- Teaches students:
- and Ages 5+
- Teaching since:
My name is Ulyana and I'm passionate about teaching and tutoring! I graduated with a B.S. from Rice University (Houston, TX), specializing in earth sciences. During my years there, I traveled quite a bit - including to Antarctica! - and took part in many science outreach activities with young students. While doing a Masters in planetary geoscience at Brown University (Providence, RI), I gained field experience in Iceland and used it as a research analog to past climate conditions on Mars. For my PhD, I trekked over 1500 miles in Nepal, studying glacial lake flooding hazards to Sherpa villages, as well as impacts of pollution on pristine high mountains, including Mt. Everest.
For seven years now, I have either tutored or taught, in classrooms and in the field, all age groups, sharing the joy of science, math - and learning in general! Most recently I worked for National Geographic Student Expeditions, a program for high school students interested in learning photography, film, and field (outdoor) science. During the springtime, I am a visiting professor at Colorado College, teaching at the undergraduate level. My day job includes running my company, Science in the Wild, which gets kids and adults alike outside, learning and doing science around the world while on expedition. Our most recent was to the top of Kilimanjaro in Tanzania, Africa.
When I was in my teens, I participated in many science fairs and symposia at the national and international level. Then I went to college and grad school in science. Pretty much, science has been my life! For any of your science needs, with a special focus on astronomy and geology (earth sciences), I'm here to help. I can also assist with physics, biology and chemistry. The sciences are interrelated and I've used them all in the past and in my current work. The same goes for math.
If you're interested in creative lessons - with a true focus on your learning experience, I'm your tutor! Often times when working out in the field in extreme locations (e.g., Antarctica and Mt. Everest), I have to MacGyver solutions on the fly. I want to teach you how to think. This skill will serve you well, long into the future.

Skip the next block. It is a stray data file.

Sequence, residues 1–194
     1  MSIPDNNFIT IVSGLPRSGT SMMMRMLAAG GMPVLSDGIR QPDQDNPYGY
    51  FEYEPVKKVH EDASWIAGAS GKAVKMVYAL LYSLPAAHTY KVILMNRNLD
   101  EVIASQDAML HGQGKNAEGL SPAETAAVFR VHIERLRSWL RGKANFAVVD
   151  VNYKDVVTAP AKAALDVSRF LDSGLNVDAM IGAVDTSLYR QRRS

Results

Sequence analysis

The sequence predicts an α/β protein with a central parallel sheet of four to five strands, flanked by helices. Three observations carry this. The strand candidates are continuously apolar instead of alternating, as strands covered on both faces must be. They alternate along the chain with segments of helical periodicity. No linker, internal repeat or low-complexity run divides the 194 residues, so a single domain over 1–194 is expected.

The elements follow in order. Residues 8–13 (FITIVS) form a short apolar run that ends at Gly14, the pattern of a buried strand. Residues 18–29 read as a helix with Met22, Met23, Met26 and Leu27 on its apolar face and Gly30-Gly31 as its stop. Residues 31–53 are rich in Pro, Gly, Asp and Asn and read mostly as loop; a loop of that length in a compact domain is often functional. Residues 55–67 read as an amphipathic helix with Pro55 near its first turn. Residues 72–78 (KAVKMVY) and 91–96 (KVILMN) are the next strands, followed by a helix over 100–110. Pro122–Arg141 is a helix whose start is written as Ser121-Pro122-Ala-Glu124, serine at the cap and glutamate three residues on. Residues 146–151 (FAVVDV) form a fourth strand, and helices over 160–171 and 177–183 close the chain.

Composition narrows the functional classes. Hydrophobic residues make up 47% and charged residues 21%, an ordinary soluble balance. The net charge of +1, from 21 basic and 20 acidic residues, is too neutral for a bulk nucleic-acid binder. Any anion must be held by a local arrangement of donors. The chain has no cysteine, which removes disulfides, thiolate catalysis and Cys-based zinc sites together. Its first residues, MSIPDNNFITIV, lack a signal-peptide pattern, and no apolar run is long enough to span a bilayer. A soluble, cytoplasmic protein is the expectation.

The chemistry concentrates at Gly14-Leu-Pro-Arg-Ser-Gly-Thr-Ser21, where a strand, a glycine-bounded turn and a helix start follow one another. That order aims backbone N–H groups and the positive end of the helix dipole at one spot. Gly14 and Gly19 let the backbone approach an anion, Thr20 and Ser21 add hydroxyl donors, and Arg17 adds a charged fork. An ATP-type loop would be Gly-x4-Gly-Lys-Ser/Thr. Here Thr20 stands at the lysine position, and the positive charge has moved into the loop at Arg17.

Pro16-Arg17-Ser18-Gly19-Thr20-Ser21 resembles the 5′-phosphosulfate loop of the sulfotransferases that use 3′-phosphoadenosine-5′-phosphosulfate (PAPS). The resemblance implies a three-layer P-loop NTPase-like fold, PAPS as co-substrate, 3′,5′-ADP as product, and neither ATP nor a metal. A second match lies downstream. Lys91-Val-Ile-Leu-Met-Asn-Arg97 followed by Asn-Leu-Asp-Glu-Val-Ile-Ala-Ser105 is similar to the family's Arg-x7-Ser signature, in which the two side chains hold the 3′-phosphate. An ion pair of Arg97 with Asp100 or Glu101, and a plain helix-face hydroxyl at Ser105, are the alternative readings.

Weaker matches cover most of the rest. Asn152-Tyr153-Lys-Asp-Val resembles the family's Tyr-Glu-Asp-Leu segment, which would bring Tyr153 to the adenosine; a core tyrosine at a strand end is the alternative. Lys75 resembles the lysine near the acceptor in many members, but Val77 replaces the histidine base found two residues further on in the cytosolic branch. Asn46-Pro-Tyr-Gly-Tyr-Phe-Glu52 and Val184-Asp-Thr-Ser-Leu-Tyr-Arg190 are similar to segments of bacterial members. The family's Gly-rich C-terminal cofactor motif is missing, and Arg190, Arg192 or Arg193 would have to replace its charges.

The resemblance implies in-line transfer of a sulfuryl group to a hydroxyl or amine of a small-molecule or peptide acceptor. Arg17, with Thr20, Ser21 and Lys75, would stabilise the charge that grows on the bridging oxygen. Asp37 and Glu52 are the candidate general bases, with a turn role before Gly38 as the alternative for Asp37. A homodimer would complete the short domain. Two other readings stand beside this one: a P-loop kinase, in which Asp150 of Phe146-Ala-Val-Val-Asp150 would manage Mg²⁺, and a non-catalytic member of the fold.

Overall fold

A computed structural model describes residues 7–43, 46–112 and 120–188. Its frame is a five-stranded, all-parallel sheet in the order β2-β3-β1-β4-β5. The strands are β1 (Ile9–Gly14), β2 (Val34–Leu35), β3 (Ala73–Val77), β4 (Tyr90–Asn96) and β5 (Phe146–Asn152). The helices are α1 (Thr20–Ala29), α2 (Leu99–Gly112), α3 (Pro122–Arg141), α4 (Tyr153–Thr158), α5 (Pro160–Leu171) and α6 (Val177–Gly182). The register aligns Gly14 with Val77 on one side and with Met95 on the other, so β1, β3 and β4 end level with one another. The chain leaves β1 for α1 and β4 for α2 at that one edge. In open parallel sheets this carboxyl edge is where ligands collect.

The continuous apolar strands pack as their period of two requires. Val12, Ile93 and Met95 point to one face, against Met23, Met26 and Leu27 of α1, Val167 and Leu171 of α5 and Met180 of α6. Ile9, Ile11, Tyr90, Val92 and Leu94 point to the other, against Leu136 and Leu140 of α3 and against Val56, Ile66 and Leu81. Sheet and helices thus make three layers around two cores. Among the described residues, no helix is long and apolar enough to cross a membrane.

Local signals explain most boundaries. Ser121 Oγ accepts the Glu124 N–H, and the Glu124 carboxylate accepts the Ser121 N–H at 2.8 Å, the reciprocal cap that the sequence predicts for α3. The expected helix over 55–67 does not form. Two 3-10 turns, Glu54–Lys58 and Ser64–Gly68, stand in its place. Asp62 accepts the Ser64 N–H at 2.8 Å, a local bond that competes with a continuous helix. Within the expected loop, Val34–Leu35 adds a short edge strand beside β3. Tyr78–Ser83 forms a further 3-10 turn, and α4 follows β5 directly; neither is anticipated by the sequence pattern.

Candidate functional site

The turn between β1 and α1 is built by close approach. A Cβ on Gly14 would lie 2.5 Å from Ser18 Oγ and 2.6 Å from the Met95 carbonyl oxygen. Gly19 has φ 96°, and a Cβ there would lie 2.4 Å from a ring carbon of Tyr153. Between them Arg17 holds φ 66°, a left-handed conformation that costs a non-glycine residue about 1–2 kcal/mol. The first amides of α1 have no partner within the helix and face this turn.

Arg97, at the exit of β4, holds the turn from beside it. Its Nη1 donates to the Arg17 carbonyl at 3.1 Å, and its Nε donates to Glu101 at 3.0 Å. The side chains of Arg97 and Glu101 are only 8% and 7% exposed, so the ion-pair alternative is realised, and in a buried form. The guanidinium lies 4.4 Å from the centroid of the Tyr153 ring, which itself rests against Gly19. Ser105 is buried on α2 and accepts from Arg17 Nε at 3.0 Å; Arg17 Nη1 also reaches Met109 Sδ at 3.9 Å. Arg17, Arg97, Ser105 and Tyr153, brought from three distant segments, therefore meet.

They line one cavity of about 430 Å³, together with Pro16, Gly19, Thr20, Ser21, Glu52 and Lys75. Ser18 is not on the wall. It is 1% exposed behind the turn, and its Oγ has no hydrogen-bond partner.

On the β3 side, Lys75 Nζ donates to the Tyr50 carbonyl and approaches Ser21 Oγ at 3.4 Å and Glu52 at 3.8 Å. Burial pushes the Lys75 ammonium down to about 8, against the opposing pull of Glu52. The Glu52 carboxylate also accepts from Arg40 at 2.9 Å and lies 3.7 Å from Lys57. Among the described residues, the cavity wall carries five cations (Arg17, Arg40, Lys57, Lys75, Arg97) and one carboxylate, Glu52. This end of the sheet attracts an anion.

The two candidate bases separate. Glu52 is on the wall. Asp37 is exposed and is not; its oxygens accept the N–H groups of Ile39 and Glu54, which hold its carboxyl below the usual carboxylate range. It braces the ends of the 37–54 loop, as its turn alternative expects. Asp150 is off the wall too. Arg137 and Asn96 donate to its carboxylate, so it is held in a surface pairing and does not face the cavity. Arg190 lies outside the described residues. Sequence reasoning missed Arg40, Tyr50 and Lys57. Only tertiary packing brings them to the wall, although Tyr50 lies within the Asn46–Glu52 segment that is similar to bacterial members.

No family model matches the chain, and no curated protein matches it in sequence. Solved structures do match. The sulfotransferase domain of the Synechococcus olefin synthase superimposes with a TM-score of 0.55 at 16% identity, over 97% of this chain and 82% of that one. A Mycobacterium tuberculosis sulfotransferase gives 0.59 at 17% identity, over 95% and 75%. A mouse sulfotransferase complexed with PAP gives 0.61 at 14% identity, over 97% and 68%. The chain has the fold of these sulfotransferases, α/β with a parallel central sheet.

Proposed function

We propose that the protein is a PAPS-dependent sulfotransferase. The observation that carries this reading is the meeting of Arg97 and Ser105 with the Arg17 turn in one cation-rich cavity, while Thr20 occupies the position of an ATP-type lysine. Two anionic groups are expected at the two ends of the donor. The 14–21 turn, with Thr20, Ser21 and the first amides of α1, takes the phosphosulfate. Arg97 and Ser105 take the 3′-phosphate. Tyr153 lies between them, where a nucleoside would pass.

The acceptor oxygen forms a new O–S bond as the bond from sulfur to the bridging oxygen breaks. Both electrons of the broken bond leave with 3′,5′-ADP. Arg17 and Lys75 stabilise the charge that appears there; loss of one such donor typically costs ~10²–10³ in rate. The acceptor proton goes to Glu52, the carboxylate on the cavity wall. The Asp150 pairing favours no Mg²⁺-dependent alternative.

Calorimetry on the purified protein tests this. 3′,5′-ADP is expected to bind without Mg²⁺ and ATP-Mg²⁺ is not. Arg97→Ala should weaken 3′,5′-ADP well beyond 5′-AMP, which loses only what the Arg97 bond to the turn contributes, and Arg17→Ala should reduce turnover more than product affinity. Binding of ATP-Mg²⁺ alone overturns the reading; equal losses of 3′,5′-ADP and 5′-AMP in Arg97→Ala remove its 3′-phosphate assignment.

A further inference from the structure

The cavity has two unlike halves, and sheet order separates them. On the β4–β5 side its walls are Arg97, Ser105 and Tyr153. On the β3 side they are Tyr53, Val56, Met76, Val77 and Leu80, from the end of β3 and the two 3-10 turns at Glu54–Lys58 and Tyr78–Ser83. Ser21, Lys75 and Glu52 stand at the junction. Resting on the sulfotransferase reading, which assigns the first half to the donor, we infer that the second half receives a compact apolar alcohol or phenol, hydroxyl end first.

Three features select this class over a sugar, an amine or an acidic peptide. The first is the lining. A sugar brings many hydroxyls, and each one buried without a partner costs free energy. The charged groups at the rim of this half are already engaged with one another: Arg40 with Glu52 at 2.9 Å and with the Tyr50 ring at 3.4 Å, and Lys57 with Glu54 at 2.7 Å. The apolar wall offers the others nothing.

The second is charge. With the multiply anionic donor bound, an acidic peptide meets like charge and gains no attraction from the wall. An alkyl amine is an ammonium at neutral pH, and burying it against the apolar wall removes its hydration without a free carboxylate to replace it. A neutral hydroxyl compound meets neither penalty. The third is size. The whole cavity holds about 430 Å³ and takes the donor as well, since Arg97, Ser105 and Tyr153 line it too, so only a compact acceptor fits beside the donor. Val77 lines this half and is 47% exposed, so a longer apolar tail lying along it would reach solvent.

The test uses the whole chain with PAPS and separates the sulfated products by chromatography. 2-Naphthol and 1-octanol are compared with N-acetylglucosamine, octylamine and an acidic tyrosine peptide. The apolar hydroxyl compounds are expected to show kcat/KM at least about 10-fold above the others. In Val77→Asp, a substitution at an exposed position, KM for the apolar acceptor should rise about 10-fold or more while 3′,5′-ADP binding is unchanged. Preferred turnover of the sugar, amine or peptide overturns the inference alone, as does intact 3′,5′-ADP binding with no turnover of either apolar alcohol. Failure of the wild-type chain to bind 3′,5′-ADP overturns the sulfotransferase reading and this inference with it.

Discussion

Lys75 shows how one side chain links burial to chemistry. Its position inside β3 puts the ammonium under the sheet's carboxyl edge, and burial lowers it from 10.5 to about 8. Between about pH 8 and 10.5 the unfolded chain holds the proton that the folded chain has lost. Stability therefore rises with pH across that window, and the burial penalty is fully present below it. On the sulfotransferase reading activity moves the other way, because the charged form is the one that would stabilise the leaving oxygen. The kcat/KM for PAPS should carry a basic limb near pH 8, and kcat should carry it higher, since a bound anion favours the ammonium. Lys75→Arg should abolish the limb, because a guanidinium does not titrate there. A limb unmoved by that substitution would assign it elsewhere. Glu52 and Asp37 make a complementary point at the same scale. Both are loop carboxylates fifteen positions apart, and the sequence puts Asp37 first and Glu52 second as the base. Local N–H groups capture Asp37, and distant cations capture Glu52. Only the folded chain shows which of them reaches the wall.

Part-time position, teaching "Introduction to Global Climate Change" class at the undergraduate level.
Science in the Wild is an international team of scientists, technicians, engineers and local citizens, leading immersive and educational adventure science expeditions around the world.
The company aims to make science accessible for anyone with the curiosity to learn more about the planet's landscapes and how they are changing. We trek, climb, ski, and paddle the wilds, providing you with opportunities for hands-on field experimentation and participation in cutting-edge research in some of the most remote parts of the world.
For upcoming trips, please see: http://scienceinthewild.com
Expedition leader and teacher for a National Geographic geology and climate "on assignment" high school program in Iceland.
In September/October 2016, I served as mission commander for a NASA Human Exploration Research Analog (HERA) XII mission. HERA is "a unique three-story habitat designed to serve as an analog for isolation, confinement, and remote conditions in exploration scenarios."
Research included behavioral health (group dynamics, isolation, confinement); human factors (interactions with the confined station environment); exploration medical capabilities (self-diagnosis and treatment); and communication (delayed communication and self-sufficiency) while on simulated mission to an asteroid.
During this one-year post-doc, I validated satellite-derived albedo (reflectivity) measurements of snow and ice with on-the-ground fieldwork in the Arctic and Himalaya.
I also quantified the amount of black carbon and dust concentrations in natural snowpacks, spanning from Alaska, to Colorado, to the Canadian Arctic, to the Himalaya. The presence of these contaminants greatly increases melting of snow and ice.
I was an instructor for a wilderness science education program for high school girls on Gulkana glacier, Alaska in 2015; and on Mt. Baker, Washington in 2014.